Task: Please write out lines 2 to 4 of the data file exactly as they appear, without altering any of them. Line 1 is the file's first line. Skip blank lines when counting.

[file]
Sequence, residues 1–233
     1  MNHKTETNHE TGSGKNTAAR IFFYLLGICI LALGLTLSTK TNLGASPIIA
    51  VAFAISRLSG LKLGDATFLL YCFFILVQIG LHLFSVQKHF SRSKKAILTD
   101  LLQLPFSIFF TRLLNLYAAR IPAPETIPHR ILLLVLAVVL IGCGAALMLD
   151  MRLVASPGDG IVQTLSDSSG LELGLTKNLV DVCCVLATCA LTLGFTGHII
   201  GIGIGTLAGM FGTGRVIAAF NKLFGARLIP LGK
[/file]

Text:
     1  MNHKTETNHE TGSGKNTAAR IFFYLLGICI LALGLTLSTK TNLGASPIIA
    51  VAFAISRLSG LKLGDATFLL YCFFILVQIG LHLFSVQKHF SRSKKAILTD
   101  LLQLPFSIFF TRLLNLYAAR IPAPETIPHR ILLLVLAVVL IGCGAALMLD